Thursday, December 23, 2010

How do you create an Entrepreneur?

Muagabe wants to know. Mr Mugabe stated recently that he could not understand why black Zimbabweans were not acting like entrepreneurs in the mining industry. He told his audience that he had questioned a number of holders of EPO’s (Exclusive Prospecting Orders) as to why they were registering their claims and he was concerned that all that he spoke to were whites (or foreigners). Why are black Zimbabeans not registering mining prospecting claims?

The answer is so simple; if you promote the oppoprtunity for people to steal farms, mines and business, they will take the easy route and steal them. Why bother being an entrepreneur and starting new business, mining ventures, farming operations, if there is a much easier way?

You want entrepreneurs? Make the conditions right for them and they will appear, as some did in the early eighties and nineties.

Monday, December 13, 2010


There is a considerable amount of world-wide controversy over the revelations by Wiki-Leaks and their impact on such things as ‘freedom of the press’, ‘the right to know’ and the manipulation of people, governments and business.

There have been a lot of leaks relating to Zimbabwe. I wonder if those responsible for the leaks are aware that they have put many lives in Zimbabwe at risk – anyone named as having spoken to the Americans for any reason is a marked man now. There are even serious suggestions being made here that Morgan Tsvangirayi should be arrested for ‘treason’ because he has spoken to the Americans.

There are perhaps other people in other countries whose lives have been put at risk. The Americans have suggested that their troops have been put at risk. Those advocating freedom of information would do well to understand this.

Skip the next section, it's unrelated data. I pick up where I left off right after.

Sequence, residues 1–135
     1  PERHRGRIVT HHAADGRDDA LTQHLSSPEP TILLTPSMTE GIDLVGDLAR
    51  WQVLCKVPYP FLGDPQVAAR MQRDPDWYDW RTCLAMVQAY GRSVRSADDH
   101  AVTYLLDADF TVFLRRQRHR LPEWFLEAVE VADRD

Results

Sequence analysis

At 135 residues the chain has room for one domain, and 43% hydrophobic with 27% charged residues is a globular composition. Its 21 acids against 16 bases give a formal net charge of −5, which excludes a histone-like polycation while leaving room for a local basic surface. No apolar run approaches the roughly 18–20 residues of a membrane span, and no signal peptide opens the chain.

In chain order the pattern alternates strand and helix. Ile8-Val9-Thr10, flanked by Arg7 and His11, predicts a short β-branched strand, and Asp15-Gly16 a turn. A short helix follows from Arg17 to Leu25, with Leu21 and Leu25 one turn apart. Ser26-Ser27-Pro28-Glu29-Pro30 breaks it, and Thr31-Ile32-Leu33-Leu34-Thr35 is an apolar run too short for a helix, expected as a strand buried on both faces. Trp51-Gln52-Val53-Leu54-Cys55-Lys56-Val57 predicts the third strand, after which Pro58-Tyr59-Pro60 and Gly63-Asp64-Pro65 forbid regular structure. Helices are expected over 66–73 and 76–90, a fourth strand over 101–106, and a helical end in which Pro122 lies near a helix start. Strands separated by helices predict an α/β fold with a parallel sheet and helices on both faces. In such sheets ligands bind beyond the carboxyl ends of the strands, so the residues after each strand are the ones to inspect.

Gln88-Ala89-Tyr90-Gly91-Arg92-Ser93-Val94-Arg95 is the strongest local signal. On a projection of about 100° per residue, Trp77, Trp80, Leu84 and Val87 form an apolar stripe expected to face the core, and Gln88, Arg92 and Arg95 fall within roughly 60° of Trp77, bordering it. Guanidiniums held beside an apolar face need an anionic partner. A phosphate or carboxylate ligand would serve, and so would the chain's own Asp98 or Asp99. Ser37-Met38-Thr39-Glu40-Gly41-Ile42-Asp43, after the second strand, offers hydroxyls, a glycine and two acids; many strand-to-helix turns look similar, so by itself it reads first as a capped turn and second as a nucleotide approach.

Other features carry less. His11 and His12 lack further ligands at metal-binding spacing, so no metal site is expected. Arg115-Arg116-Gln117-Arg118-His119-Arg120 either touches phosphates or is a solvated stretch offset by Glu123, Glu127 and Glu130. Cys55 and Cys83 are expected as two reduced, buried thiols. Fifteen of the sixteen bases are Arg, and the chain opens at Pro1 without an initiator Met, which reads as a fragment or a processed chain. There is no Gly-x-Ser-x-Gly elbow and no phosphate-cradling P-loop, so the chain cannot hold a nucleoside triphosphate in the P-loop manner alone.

Things are not always as simple as they seem.


I have spent a week in Ghana. There are differences and similarities between Ghana and Zimbabwe. Let’s start with the differences. Electricity flows most of the time. We experienced one power cut which lasted less than 15 minutes. The main roads are in excellent condition, but they run through every little village there is between Accra and Tarkwa – a 7 hour journey. And there are dozens of little villages. As one approaches there is a speed limit of 50 k’s an hour which everyone obeys – probably because there are policemen with speed guns in 9 out of 10 of the villages. The off-roads some of which we took to ‘save time’ are in a shocking state but to be fair, it rains every day in Ghana – well – on the coastal belt where we travelled – not just light showers either. Off the road and outside the villages is mainly jungle. But we did pass several rubber and coconut plantations.

The people are friendly, polite, respectful but not deferential. There is evidence everywhere of racial tolerance and the blacks and whites that I met seemed to get on very well with each other. One could these days say much the same of Zimbabwe until ZANU PF enters the picture.

At the mine, people I met were God fearing Christians who give thanks to their maker several times a day. The supervisors who had recently completed training were enthusiastic, energetic, confident and able. They understand the concept of business and profit. I would be very surprised to hear that the mine-workers in Ghana had gone on strike like their counterparts in South Africa. It would be against their personal code of conduct.

The mine has plenty of facilities for the 4,000 odd people that work there. There is a clubhouse, tennis courts, squash courts, gymnasium, swimming pool and well-manicured golf course yet no-one seems to use them. I wanted to swim and discovered that before I was allowed to swim I had to take a ‘swimming test’ which comprised swimming two lengths of the 20 metre pool, treading water for two minutes and recovering the licencers keys from the bottom of the 10 foot deep pool. After I had completed the tests successfully I was awarded a ‘Certificate of Competency’. There was a security guard at the pool who demanded to see my ‘licence’ before I was allowed in.

I listened briefly to two radio broadcasts from the Ghanaian Parliament. I heard members of the ruling party and the opposition exchanging banter, with plenty of good humour mixed with serious debate. Unlike Zimbabwe where the parliamentarians exchange insults.

There is hope for Africa yet.